Startups are early-stage businesses that attempt to grow with large-scale solutions. With most startup companies, fundraising is a crucial element that transforms them from a small team of entrepreneurs into a large outfit with widespread products or services. When should a startup consider funding? What should startups have before they look for fundraising from venture capitalists or investors?
One of the most common pieces of advice you get when you start a business is to find a niche. The narrower the better. And while that works for some, it’s not the only way forward. Over the course of my career, both as an independent designer and the co-founder of a design studio, I’ve learned that my expertise has nothing to do with sticking to a narrow kind of work. That’s how I’ve ended up designing for clients ranging from Pfizer to the Bronx Museum of the Arts to Tribeca-based rooftop bar Happy Be.
When creating a digital experience centred on health and fitness, it’s vital to provide the best user experience possible – one that fits into our day-to-day lives. Work, families and social lives must all be factored in, along with the ways people choose to exercise, whether that be in the gym, at home, or outdoors on a run.
Automotive giants like Ford, Porsche, BMW, Mercedes and many more are announcing their move to battery electric vehicles (BEVs) often referred to as EVs. The UK government is also signalling its intent to encourage BEVs by promising £450m to be spent on boosting public charging stations by 2030 to reach their 300,000 target.
Worried about cyber warfare? You’re not alone. With the threat of imminent attack from overseas malware and state-sponsored hacks increasing, the National Cyber Security Centre (NCSC) is calling for UK businesses of all sizes to “strengthen their cyber resilience” in response to the ongoing situation in Ukraine. But what does cyber resilience mean, and what actionable steps can businesses take to bolster their defences?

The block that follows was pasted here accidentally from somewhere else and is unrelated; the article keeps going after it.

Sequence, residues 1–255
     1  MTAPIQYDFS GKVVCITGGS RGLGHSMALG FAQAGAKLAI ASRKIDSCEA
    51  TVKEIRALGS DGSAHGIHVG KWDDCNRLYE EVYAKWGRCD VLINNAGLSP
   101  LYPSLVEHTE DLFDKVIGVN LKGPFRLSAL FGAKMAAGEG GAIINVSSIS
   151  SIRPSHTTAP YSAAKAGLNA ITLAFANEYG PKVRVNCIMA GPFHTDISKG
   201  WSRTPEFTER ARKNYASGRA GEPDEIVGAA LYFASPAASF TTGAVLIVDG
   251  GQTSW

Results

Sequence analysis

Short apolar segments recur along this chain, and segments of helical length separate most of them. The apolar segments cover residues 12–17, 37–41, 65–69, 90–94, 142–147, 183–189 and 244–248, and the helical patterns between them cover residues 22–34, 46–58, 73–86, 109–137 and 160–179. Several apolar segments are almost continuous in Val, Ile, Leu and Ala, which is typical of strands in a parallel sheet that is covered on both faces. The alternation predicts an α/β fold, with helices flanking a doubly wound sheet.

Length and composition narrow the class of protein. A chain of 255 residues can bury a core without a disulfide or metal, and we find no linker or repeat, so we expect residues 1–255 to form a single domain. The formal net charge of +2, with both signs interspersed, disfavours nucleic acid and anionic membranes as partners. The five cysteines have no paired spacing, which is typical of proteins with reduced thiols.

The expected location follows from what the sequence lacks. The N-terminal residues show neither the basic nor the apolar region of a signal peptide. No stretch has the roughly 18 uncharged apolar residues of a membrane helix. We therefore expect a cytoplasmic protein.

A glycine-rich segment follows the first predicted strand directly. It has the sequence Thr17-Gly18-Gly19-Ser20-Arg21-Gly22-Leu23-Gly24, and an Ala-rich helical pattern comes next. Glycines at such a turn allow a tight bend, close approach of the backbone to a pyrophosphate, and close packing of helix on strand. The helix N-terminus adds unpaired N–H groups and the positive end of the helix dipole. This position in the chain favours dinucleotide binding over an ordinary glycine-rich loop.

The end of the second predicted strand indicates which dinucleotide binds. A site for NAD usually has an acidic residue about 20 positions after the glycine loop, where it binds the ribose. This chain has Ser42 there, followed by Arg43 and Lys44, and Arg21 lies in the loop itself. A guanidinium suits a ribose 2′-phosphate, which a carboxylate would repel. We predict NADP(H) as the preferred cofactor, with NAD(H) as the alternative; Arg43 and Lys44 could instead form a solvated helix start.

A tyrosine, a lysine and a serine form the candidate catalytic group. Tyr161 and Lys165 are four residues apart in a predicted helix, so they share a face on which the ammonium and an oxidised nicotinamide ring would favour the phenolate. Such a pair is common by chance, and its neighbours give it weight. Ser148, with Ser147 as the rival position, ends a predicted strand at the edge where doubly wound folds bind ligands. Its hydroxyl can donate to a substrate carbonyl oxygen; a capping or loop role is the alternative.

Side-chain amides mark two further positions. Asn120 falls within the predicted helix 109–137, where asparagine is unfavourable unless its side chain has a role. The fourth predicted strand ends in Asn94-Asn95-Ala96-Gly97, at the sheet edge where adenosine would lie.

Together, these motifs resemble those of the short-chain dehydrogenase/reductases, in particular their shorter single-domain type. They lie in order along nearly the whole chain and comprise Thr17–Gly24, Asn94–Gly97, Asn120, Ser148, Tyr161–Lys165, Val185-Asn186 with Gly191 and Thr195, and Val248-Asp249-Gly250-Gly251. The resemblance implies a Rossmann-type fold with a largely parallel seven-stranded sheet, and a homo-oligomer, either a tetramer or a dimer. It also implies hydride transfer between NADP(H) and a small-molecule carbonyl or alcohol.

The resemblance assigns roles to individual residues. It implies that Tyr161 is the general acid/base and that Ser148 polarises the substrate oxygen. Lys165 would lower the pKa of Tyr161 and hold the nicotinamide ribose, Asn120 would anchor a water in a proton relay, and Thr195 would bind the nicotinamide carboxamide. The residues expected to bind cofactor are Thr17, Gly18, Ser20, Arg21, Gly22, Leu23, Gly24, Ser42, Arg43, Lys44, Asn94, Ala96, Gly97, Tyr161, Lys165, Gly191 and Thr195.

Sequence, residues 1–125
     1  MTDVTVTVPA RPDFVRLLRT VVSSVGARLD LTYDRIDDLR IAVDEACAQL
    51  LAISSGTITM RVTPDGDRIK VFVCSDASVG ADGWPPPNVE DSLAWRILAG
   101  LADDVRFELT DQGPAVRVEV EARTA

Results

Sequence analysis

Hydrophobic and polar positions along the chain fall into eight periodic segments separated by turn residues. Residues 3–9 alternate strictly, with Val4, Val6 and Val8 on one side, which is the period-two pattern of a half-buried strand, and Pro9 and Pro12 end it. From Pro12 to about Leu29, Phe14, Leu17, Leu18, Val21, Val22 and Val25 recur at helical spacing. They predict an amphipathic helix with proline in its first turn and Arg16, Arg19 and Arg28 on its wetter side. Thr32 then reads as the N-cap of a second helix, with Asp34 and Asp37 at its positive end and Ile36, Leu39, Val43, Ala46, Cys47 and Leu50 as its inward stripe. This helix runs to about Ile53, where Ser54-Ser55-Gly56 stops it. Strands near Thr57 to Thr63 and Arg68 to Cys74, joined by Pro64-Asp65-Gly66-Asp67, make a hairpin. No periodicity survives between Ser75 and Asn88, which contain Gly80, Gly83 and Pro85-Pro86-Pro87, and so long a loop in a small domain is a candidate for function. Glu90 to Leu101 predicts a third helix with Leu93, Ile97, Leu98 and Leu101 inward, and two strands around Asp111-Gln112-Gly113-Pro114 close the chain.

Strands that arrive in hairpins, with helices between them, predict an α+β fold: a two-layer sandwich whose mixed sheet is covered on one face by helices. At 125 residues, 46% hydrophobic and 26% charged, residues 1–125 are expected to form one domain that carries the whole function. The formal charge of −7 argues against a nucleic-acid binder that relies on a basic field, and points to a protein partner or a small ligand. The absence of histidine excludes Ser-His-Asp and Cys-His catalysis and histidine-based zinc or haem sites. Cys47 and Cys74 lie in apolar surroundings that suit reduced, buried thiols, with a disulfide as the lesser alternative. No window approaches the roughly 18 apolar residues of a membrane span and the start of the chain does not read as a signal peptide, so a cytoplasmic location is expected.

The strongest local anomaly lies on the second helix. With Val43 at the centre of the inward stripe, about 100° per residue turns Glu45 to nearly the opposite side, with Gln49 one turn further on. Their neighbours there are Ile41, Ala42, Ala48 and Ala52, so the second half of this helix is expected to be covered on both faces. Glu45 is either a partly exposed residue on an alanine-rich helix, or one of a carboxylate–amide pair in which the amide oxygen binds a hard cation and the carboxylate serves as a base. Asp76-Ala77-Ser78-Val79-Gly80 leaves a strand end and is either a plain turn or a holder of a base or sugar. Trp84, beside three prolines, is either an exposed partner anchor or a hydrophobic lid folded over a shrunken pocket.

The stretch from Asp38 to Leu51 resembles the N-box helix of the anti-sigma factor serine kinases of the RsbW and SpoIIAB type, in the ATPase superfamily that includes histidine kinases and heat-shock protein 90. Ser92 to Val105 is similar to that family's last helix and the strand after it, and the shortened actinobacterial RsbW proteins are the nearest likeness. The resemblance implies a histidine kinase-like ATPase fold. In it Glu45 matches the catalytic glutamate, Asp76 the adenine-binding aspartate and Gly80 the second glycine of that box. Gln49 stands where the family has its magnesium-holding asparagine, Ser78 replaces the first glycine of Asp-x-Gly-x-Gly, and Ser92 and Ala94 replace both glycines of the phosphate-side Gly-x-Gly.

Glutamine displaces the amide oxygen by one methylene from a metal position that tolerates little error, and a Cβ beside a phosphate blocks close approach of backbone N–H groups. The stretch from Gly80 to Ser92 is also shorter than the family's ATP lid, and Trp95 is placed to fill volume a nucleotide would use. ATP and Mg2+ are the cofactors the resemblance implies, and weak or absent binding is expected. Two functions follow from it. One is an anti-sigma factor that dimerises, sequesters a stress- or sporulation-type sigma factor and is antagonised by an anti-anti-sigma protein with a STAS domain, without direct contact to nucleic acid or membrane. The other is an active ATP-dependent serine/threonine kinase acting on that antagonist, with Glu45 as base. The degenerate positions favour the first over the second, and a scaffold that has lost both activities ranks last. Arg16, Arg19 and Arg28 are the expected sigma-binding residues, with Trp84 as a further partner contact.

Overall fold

Accessibility fails are not just an eyesore for designers. It’s not even about the underperforming metrics. First and foremost, it’s about enabling everyone to experience digital products. Adam Fard, CEO of data-driven UX design agency Adam Fard Studio discusses accessibility through the eyes of impaired users.
Over the past year, tech startups across the UK and Ireland have raced ahead of the rest of Europe, making up 38% of the combined valuation of European unicorns 2021. The UK & Ireland combined generated the most valuable companies with an impressive combined unicorn valuation of EUR 138 bn -the highest percentage across the continent.
Due to the changing nature of the way we work, advances in technology and the restrictions imposed during the pandemic, hybrid and remote working are on the rise. A recent survey by the Chartered Management Institute (CMI) found that over 80% of managers said their firms have now adopted hybrid working models, including a mix of in-office and remote working.
Starting a business is a rewarding experience when done the right way. Financial, strategic, and legal planning is crucial if you want to run a successful business. There are a plethora of ways you can do business, but before you adopt one, it is essential to consider how much time, money, and effort you are willing to put in. In this article, we discuss the steps you can follow to launch and manage a successful business.
A common pain point for many SMEs is the misalignment between the sales, marketing, and product functions. It usually grows with time and the company's size: product management gets attracted by features and technology, marketing by social engagement, sales by "quick wins". The ones who lose are the customers, with a spiralling effect on the company performance.
There are a number of reasons why a founder might want to do Enterprise Value for their business, but primarily for our clients at Dragon Argent, it’s part of the process of raising equity investment. Whilst using an analytical process to determine the current or projected worth of a company (or asset) is a key component, there is much more to a valuation than purely mathematical analysis or economic modelling. Consideration of factors such as economic climate, industry, political climate, and technology must also be considered when valuing a company.
Pitch decks and business plans. Every early-stage business with any thought of expansion, even if only modest expansion, should have them. And every founder of a start-up should prepare them. A very common mistake made by many entrepreneurs is that these two documents are seen as only being necessary if you are intending to raise finance; but that is simply not true.
Shipment tracking is more than just a bullet point on your business to-do list. In an increasingly vibrant market, keeping your customers informed about the whereabouts of their products is what will make a difference in their customer experience and provide your company with a competitive advantage.